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September 2014, Week 2


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Charlotte Boyle <[log in to unmask]>
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Film and TV Studies Discussion List <[log in to unmask]>
Mon, 8 Sep 2014 10:14:09 +0000
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Apologies for cross posting

<>On The Wire
Linda Williams
   "I must admit being skeptical of Linda Williams's thesis that The Wire is best understood as melodrama. But after reading her convincing and compelling analysis, I not only came away with new insights into a series that I knew very well, but have fully revised my notions of how serial melodrama applies to contemporary television. This vital book is essential reading for scholars and viewers of both The Wire and television drama more broadly."-Jason Mittell, author of Television and American Culture
   "Linda Williams's kaleidoscopic study compellingly considers The Wire as art, as rhetoric, and as political intervention. Her absorbing argument for the series as 'institutional melodrama'; upends conventional discussions not only about this narrative but about the broader practice of contemporary television drama. We understand The Wire not as tragedy, not as a novel, not as a piece of journalism; rather, we see and feel the show at the intersection of home and the world, as the orange couch in the courtyard of the low rises."-Sean O'Sullivan, author of Mike Leigh
   Many television critics, legions of fans, even the President of the United States, have cited The Wire as the best television series ever. In this sophisticated examination of the HBO serial drama that aired from 2002 until 2008, Linda Williams, a leading film scholar and authority on the interplay between film, melodrama, and issues of race, suggests what exactly it is that makes The Wire so good. She argues that while the series is a powerful exploration of urban dysfunction and institutional failure, its narrative power derives from its genre. The Wire is popular melodrama, not Greek tragedy, as critics and the series creator David Simon have claimed. Entertaining, addictive, funny, and despairing all at once, it is a serial melodrama grounded in observation of Baltimore's people and institutions: of cops and criminals, schools and blue-collar labor, local government and local journalism. The Wire transforms close observation into an unparalleled melodrama by juxtaposing the good and evil of individuals with the good and evil of institutions.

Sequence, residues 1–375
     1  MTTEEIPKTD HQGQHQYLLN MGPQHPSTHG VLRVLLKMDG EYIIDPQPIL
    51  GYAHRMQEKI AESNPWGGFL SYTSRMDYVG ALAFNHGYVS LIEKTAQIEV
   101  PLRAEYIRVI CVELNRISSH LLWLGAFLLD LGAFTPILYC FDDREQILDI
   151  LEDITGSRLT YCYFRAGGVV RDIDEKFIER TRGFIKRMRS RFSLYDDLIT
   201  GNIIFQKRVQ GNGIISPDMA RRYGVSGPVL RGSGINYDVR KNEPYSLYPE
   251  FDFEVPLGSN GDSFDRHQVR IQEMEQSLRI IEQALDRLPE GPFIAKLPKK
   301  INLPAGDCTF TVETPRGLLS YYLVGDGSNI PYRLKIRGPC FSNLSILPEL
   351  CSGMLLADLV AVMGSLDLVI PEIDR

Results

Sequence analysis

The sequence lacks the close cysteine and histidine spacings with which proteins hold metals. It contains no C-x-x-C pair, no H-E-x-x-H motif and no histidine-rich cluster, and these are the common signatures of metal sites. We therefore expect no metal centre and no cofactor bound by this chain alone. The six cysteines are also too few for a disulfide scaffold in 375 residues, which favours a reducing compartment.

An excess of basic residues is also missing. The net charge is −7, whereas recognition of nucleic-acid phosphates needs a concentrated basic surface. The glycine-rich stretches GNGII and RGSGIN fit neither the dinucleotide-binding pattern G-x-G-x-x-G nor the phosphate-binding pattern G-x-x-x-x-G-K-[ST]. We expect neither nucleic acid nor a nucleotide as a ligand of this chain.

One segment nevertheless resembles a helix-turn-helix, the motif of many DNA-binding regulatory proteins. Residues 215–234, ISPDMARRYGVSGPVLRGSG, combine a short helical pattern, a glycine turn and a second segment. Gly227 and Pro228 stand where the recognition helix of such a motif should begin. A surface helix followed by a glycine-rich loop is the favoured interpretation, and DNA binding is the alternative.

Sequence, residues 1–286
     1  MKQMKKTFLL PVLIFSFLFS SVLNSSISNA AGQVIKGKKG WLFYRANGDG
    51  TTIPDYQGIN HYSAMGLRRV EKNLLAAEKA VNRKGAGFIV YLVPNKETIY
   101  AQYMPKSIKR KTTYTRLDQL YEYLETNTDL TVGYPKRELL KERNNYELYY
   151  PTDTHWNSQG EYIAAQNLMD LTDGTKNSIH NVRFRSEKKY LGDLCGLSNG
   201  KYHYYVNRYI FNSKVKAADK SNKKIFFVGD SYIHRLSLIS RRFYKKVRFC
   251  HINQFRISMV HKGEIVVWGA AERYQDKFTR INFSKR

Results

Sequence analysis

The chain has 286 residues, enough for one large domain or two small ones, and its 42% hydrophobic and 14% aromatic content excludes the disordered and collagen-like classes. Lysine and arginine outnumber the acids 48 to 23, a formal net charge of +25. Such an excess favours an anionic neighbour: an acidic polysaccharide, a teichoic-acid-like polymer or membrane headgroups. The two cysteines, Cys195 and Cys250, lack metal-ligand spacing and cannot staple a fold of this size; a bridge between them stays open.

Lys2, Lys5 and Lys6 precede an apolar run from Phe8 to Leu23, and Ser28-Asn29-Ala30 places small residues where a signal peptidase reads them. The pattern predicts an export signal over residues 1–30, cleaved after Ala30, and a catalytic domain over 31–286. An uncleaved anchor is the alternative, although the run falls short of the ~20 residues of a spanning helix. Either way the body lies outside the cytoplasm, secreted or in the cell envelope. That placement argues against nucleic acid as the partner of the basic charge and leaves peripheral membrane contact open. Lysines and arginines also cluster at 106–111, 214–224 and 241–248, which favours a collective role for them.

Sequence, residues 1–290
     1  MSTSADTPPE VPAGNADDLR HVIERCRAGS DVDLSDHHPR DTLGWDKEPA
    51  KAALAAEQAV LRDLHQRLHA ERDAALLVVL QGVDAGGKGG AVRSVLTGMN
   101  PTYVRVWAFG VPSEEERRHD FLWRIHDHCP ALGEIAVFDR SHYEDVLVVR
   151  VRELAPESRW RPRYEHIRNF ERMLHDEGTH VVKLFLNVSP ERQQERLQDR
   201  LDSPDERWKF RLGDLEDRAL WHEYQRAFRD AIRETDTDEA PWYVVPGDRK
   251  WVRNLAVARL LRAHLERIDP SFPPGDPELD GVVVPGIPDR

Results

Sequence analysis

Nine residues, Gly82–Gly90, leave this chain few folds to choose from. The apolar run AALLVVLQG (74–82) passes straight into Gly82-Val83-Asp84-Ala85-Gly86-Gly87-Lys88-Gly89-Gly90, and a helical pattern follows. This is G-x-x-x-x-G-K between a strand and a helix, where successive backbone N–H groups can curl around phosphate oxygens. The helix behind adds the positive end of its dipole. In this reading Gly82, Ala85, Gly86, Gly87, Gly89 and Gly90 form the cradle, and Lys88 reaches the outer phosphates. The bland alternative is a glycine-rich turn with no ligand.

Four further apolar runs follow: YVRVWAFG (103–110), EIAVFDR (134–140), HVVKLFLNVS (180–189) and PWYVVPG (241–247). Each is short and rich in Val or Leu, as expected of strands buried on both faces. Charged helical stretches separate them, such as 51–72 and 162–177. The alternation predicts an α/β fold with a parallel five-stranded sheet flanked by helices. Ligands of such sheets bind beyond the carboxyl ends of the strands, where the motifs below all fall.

Duke University Press

August 2014 288pp 60 colour illustrations 9780822357179 PB 15.99 now only 11.99when you quote CS0914WIRE when you order

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